A Companion to James Madison and James Monroe
Madison Papers editor-in-chief J. C. A. Stagg, senior associate editor David Mattern, and associate editor Mary Hackett contributed essays to A Companion to James Madison and James Monroe (Wiley-Blackwell, 2013).
This volume in the Blackwell Companions to American History series, edited by Stuart Leibiger, features 32 essays "from leading academics" that explore the "achievements of two of America's most accomplished statesmen." Contributors "consider various aspects of the lives and legacies of [Madison and Monroe], synthesiz[ing] the latest findings, and offer[ing] new insights based on original research into primary sources." This volume also "addresses [popular] topics . . . such as Madison and slavery." (Wiley copy)
The Journal of Military History
In October 2012, The Journal of Military History published two pieces by J. C. A. Stagg: an article entitled "United States Army Officers in the War of 1812: A Statistical and Behavioral Portrait," and a book review of The Encyclopedia of the War of 1812, ed. Spencer C. Tucker. Additionally, Dr. Stagg's War of 1812: Conflict for a Continent is reviewed in this issue by John R. Grodzinski.
1812: A Nation Emerges
J. C. A. Stagg contributed an essay, "James Madison's America," to this illustrated volume which accompanies the National Portrait Gallery exhibition of the same name (Smithsonian Institution, 15 June 2012 through 27 January 2013). The volume was published in May 2012 by Rowman & Littlefield Publishers.
"Marking the two-hundredth anniversary of the [War of 1812], this book explores how the United States was transformed and unified by the individuals who took part . . . . It also provides an overview of the battles, the negotiations for peace, the aftermath . . . and the great commercial, industrial, and cultural expansion that followed, transforming the United States into a world power" (jacket copy).
The War of 1812: Conflict for a Continent
The War of 1812: Conflict for a Continent, by Madison Papers editor-in-chief J. C. A. Stagg, became available for purchase on 24 April 2012 from Cambridge University Press.
"This book is a narrative history of the many dimensions of the War of 1812—social, diplomatic, military, and political—which places the war's origins and conduct in transatlantic perspective. The events of 1812-1815 were shaped by the larger crisis of the Napoleonic Wars in Europe. In synthesizing and reinterpreting scholarship on the war, Professor J. C. A. Stagg focuses on the war as a continental event, highlighting its centrality to Canadian nationalism and state development. The book introduces the war to students and general readers, concluding that it resulted in many ways from an emerging nation-state trying to contend with the effects of rival European nationalisms, both in Europe itself and in the Atlantic world." (Cambridge University Press copy)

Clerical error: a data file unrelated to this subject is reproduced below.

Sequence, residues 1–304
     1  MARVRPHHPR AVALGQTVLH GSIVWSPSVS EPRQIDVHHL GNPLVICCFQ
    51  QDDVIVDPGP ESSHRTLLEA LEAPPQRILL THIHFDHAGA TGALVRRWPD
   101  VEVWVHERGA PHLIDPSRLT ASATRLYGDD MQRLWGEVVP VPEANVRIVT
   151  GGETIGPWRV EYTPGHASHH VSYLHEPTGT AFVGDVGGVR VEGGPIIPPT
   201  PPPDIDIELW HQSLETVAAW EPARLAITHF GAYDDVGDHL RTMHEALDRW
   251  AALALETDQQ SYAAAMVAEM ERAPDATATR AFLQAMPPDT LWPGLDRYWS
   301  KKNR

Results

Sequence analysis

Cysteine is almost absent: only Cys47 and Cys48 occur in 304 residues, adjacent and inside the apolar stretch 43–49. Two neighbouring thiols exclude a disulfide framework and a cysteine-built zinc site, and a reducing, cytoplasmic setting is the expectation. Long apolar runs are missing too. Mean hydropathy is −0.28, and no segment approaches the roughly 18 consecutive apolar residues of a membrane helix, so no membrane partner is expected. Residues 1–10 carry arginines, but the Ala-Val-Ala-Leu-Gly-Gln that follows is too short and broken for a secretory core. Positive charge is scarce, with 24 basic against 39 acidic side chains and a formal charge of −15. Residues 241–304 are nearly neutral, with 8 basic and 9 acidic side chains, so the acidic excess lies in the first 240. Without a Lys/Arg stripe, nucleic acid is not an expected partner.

Named a Cambridge Book Club selection, The War of 1812: Conflict for a Continent will be discussed on Facebook, Twitter, and by J. C. A. Stagg in book readings and signings through June 2012 to commemorate the 200th anniversary of this pivotal event in American history.
The Papers of James Madison Digital Edition
The Papers of James Madison went digital, 28 April 2010, with the online alpha prerelease of the seventeen Congressional Series volumes through ROTUNDA, the digital publishing wing of the University of Virginia Press. These volumes, part of the American Founding Era collection, are available on a subscription basis.
In addition, preliminary transcriptions of 3,409 as-yet-unpublished Madison documents are available for free through the ROTUNDA Founders Early Access project. These documents were prepared and reviewed by the staff of Documents Compass, a program of the Virginia Foundation for the Humanities.
Borderlines in Borderlands
Borderlines in Borderlands: James Madison and the Spanish-American Frontier, 1776-1821, by the Madison Papers editor-in-chief J. C. A. Stagg, was published in 2009 by Yale University Press.
"In examining how the United States gained control over the northern borderlands of Spanish America, this work reassesses the diplomacy of President James Madison. Historians have assumed Madison's motive in sending agents into the Spanish borderlands between 1810 and 1813 was to subvert Spanish rule, but ... Stagg argues that his real intent was to find peaceful and legal resolutions to long-standing disputes over the boundaries of Louisiana at a time when the Spanish-American empire was in the process of dissolution. Drawing on an array of American, British, French, and Spanish sources, the author describes how a myriad cast of local leaders, officials, and other small players affected the borderlands diplomacy between the United States and Spain, and he casts new light on Madison's contribution to early American expansionism" (jacket copy).
The Selected Letters of Dolley Payne Madison
The Selected Letters of Dolley Payne Madison, edited by David B. Mattern and Holly C. Shulman, was published in 2003 by the University of Virginia Press.
This "rich selection of [Dolley Payne Todd Madison's] letters ... illuminates the story of the woman widely credited with setting the standard for successive generations of Washington's political women. This collection will prove an invaluable resource in current political and historical circles, where the role founding mothers played—both as supportive family members and as crucial political negotiators—is increasingly recognized and studied. ... From her correspondence as a young adult in late eighteenth-century Philadelphia [through] the letters of her widowhood in 1840s Washington," this volume "provides a detailed view of the life of one of the early republic's most fascinating personalities" (jacket copy).